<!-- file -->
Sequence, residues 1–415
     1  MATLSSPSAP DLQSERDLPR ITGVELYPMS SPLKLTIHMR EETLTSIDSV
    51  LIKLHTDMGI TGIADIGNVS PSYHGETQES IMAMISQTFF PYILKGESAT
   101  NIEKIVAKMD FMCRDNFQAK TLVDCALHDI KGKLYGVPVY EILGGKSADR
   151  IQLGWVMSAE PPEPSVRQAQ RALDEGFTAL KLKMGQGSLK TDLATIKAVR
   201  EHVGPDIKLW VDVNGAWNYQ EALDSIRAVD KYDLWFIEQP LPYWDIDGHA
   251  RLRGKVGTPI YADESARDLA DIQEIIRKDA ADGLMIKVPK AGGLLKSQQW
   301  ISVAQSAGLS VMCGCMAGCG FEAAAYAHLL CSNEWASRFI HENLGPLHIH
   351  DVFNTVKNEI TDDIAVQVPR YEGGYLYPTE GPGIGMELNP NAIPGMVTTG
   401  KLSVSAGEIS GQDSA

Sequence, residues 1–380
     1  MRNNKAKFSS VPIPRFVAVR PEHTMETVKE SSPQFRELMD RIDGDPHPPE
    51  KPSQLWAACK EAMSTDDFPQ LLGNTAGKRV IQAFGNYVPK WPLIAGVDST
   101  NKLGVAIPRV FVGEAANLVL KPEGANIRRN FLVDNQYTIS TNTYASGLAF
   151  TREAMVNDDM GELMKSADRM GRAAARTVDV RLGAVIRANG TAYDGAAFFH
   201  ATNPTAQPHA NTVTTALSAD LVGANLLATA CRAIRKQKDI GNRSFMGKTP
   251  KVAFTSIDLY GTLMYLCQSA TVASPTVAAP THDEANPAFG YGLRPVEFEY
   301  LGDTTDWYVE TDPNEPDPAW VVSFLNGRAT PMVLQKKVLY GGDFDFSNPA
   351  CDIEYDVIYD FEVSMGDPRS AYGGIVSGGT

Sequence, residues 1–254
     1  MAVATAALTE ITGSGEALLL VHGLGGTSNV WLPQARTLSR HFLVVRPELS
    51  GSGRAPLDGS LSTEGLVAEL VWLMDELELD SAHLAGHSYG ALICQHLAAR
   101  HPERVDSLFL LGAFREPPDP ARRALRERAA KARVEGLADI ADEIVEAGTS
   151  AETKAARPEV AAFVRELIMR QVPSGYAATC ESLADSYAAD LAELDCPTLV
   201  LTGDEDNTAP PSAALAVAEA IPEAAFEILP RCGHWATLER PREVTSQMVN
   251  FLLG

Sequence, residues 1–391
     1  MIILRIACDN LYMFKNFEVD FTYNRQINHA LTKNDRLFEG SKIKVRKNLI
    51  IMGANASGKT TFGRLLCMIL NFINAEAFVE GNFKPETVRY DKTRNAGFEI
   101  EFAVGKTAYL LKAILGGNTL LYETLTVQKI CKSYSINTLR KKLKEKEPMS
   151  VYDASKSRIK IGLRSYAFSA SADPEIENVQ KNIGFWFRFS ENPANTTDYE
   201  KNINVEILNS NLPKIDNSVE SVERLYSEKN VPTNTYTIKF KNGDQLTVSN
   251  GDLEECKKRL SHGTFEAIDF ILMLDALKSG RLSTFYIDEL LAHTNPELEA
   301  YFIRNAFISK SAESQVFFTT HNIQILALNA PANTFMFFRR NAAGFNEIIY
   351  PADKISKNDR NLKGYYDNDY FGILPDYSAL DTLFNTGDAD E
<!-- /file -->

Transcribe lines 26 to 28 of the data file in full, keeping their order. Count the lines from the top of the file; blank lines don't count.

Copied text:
   251  FLLG

Sequence, residues 1–391
     1  MIILRIACDN LYMFKNFEVD FTYNRQINHA LTKNDRLFEG SKIKVRKNLI